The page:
Tag Archives: Lynching

New play ‘The Last Lynching’ chronicles largest lynching trial in US history

In February 1947, Willie Earle hired a taxicab to take him home from Greenville, SC, to Liberty, about 20 minutes away. Early the next morning, the driver, Thomas Watson Brown, lay dying in a Greenville hospital. Soon, Earle was charged with stabbing Brown and was taken to the nearby Pickens jail. About the same time that Watson finally succumbed to his wounds, Earle’s body was found mutilated by the side of a lonely, frosty road.

Willie Earle was black. Only hours after he’d been arrested at his mother’s home and taken to jail, 31 white cab drivers snatched him from his cell, drove him to a vacant lot next to a slaughterhouse and blew his brains out. In subsequent statements to federal authorities, they all confessed.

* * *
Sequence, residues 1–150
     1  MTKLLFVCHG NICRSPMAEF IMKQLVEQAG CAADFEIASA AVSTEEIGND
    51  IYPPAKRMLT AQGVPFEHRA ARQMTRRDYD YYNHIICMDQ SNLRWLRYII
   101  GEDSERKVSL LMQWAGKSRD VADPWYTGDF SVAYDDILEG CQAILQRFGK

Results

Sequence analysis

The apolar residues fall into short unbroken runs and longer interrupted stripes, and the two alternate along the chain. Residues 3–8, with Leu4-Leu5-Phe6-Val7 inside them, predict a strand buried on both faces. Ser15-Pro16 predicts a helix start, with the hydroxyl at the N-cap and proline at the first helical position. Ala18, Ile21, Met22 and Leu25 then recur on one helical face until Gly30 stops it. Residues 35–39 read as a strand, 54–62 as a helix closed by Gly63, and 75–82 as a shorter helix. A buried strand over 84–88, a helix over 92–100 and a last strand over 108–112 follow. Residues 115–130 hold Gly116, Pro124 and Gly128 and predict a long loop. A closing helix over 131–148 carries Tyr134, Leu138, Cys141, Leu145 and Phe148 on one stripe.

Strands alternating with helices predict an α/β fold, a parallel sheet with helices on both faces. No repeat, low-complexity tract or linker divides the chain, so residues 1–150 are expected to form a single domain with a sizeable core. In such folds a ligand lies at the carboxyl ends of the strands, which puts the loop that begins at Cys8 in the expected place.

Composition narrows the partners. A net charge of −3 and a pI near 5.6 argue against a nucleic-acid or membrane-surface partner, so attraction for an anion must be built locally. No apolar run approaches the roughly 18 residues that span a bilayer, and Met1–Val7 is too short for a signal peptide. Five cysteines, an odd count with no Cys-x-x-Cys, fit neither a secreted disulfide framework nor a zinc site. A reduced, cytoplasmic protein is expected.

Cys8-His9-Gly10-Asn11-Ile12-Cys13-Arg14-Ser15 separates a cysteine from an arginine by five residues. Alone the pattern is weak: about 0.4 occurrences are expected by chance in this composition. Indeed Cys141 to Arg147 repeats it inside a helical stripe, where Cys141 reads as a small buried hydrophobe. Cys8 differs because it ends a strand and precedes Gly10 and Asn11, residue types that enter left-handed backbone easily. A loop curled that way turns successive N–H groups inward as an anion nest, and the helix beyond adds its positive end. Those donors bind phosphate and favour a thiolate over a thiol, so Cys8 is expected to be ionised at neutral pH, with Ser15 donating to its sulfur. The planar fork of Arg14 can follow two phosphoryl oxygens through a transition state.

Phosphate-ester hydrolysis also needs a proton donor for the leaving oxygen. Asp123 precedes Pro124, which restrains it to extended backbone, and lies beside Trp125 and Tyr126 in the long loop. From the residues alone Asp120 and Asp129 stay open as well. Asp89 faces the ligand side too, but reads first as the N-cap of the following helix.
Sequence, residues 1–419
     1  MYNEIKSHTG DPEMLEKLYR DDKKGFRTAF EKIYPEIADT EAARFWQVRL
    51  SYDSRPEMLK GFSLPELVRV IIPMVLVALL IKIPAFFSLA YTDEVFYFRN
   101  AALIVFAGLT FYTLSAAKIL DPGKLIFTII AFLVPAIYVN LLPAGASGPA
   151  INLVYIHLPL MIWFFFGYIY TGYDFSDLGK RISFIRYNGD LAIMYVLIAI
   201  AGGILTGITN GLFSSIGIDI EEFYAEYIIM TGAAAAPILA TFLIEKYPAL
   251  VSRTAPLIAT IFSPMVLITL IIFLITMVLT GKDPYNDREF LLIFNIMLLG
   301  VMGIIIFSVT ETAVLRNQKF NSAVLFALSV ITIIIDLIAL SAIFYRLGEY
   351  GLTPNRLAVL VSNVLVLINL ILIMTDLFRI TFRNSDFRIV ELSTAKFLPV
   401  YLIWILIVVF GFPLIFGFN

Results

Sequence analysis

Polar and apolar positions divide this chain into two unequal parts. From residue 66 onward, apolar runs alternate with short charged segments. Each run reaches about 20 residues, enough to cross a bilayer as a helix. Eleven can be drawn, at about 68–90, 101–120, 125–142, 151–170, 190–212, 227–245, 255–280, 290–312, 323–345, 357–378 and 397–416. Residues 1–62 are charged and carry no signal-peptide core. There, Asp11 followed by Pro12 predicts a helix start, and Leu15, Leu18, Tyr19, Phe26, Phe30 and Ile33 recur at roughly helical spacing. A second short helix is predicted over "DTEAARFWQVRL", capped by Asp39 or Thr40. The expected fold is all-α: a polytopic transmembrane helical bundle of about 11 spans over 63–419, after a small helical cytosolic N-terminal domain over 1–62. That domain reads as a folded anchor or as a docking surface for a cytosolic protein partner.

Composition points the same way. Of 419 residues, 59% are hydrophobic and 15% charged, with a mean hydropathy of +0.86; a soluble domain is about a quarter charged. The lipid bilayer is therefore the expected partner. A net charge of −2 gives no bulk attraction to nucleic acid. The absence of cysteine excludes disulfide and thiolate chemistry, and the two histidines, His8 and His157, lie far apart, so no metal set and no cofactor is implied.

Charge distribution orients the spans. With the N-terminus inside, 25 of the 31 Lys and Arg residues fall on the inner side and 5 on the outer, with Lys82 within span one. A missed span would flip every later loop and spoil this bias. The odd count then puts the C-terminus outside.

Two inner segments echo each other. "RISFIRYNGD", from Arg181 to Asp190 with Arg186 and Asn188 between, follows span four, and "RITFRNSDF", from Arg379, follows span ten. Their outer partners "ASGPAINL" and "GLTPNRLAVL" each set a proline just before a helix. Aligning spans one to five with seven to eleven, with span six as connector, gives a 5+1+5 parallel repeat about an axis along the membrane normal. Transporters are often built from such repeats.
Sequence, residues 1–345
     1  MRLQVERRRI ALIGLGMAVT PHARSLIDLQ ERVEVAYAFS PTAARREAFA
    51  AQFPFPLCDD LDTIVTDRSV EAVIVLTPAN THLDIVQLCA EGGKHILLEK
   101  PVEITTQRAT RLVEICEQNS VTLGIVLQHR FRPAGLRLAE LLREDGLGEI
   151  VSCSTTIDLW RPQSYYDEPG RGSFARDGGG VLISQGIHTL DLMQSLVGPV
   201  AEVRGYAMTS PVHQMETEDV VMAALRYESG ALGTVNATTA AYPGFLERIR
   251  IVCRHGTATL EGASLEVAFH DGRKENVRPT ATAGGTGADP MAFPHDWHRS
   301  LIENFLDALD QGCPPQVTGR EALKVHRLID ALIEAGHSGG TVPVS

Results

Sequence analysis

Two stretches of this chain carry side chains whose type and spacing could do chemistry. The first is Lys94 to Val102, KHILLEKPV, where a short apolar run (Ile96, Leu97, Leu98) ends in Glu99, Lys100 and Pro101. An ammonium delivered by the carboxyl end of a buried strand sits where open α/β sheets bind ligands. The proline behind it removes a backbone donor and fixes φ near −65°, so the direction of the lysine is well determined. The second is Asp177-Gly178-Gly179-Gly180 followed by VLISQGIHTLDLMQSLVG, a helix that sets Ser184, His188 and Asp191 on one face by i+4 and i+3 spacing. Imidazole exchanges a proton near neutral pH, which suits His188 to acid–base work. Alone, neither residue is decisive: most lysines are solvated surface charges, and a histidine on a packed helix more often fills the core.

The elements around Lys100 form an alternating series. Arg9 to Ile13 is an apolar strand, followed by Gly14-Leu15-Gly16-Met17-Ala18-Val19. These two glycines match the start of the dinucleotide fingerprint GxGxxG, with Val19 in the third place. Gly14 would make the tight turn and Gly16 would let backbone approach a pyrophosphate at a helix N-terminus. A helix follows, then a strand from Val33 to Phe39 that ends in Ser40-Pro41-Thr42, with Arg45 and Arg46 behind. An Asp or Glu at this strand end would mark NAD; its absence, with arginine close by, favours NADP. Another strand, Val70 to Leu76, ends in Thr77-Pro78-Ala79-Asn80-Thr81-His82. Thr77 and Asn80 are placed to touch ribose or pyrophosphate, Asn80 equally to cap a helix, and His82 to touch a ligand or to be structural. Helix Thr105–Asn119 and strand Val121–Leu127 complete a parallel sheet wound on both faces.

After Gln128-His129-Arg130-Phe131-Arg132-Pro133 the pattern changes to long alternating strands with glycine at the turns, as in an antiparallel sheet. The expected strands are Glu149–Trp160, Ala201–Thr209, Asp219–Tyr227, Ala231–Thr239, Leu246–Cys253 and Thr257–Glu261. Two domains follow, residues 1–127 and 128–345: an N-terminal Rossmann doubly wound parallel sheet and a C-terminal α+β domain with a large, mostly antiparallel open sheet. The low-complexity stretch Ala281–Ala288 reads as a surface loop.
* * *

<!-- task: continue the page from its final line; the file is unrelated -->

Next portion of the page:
Three months later, an all-white jury acquitted all 31 defendants.

The trial drew international and national attention.

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FDR tiptoes around the lynching issue

The movement to put anti-lynching legislation in place gained new momentum with the election of Franklin D. Roosevelt in 1932. The president’s wife Eleanor had been a long-time opponent of lynching. During that year, lynchings had decreased to a new low of ten incidents and during the entire decade “only” 88 blacks were lynched. Appalachia, […]

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